If you are looking for a reproduction Celtic sword that is reasonably historically accurate, THIS would have to be your best choice.
Your average Celtic reproduction sword often puts the anthropomorphic hilt on a leaf shaped blade - probably because it looks cool - but it has no historical basis. But this is not your average reproduction Celtic sword..
Made by Del Tin of Italy whose reputation for quite historically accurate swords precedes them, it is much more authentic than most other early Anthropomorphic swords of the La Tene period that are abstract hybrids at best or shapeless, overly heavy masses at worst - and is arguably the very best reproduction Celtic sword on the market - in terms of functionality and as an attempt to recreate what the origins actually looked like.
Review by retired SBG forum global moderator, William Swiger
With the spread of the La Tene culture at the 5th century BC, iron
swords had completely replaced bronze all over Europe. These swords
eventually evolved into, among others, the Roman gladius and spatha, and
the Greek xiphos and the Germanic sword of the Roman Iron Age, which
evolved into the Viking sword in the 8th century.
There are two kinds of Celtic sword. The most common is the "long" sword, which usually has a stylized anthropomorphic hilt made from organic material, such as wood, bone, or horn. These swords also usually had an iron plate in front of the guard that was shaped to match the scabbard mouth. The second type is a "short" sword with either an abstract or a true anthropomorphic hilt of copper alloy.
Scabbards were generally made from two plates of iron, and suspended from a belt made of iron links. Some scabbards had front plates of bronze rather than iron. This was more common on Insular examples than elsewhere; only a very few Continental examples are known.
The Celts would often decorate the hilts with Amber, ivory or gold leaf as they put a high price on fine weaponry.
Kult of Athena Description: The Del Tin 4th Century BC Celtic Sword features a long double edge blade with flattened diamond cross section. The hilt is made of hard wood with a cross hatch design and applied brass accents. The unsharpened blade is made of well tempered Chrome-Vanadium steel with a hardness of 50HRC and is peened at the pommel for durability.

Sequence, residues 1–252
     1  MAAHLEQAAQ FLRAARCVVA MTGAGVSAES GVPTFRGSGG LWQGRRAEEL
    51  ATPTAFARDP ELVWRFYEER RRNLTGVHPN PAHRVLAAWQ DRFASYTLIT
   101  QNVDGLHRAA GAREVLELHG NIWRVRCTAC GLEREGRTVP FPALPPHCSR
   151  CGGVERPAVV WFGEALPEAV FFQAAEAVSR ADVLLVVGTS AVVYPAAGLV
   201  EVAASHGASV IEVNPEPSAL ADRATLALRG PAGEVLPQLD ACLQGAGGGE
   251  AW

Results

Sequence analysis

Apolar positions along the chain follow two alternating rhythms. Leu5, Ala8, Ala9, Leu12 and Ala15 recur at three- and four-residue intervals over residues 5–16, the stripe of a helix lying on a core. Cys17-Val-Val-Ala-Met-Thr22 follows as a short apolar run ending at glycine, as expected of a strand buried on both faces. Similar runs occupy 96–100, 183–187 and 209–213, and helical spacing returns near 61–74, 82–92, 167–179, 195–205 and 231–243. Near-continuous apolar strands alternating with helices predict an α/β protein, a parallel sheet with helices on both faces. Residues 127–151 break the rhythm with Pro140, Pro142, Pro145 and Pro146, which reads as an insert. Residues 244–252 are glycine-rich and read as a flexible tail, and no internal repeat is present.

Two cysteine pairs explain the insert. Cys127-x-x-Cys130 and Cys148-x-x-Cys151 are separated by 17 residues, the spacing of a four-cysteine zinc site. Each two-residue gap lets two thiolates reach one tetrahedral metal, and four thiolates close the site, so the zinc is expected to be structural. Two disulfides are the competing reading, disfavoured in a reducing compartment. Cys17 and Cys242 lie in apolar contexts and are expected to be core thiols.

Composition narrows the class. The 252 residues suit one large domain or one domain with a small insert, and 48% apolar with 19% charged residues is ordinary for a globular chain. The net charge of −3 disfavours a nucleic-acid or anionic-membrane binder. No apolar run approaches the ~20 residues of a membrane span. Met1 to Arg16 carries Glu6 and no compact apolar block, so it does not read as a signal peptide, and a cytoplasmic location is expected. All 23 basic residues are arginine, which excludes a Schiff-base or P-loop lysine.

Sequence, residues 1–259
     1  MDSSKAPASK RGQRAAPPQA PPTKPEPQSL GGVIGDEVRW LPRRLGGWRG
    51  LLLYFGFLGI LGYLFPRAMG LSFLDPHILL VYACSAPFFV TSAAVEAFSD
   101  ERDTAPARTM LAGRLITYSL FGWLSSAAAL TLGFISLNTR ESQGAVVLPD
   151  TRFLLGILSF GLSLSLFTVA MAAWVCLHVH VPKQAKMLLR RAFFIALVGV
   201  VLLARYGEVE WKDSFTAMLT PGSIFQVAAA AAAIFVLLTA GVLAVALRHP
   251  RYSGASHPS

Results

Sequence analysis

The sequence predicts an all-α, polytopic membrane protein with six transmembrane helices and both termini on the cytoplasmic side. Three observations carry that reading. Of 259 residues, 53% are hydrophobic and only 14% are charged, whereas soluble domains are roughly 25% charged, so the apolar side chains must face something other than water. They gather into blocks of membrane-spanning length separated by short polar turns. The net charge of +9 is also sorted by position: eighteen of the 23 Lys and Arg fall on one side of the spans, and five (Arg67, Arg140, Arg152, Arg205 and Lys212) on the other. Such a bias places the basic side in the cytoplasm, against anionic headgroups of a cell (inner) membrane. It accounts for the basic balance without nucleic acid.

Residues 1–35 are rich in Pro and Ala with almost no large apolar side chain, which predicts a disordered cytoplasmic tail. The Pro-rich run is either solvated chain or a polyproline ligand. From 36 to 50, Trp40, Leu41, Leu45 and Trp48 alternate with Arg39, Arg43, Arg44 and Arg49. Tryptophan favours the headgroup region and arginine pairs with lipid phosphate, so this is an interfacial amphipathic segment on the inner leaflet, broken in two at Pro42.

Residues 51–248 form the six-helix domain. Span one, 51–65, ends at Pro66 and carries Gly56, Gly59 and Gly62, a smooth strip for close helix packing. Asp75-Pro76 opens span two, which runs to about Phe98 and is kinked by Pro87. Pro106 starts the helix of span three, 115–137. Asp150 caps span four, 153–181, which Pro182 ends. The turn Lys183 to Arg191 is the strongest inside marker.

Impressions: First off, let me say that I am not very
knowledgeable with swords from this period in time and welcome comments
and any additions to the thread. I ordered this sword from KOA with the
sharpening option. They did a nice job as usual on the sharpening.
The sword is a pleasure to wield.
The stats on the grip make you think
it is way too small but the hand naturally fills the space between the
pommel and guard with no discomfort at all.
The sword has a further out
point of balance but the overall weight keeps it very reasonable and
easy to manage. I really like the sword and recommend it for people
looking for something from around this time period.
Only negative is the coating Del Tin places on their blades which can be time consuming to completely remove. Sometimes their grips change due to the wood and climate changes. On this sword, the blade could slightly be moved left to right in the grip. Some oil placed inside the grip fixed the wood and it is very tight now.
I hope this information on this Celtic reproduction sword has been helpful. To return to Modern Replicas of Ancient Swords from a Good Reproduction Celtic Sword, click here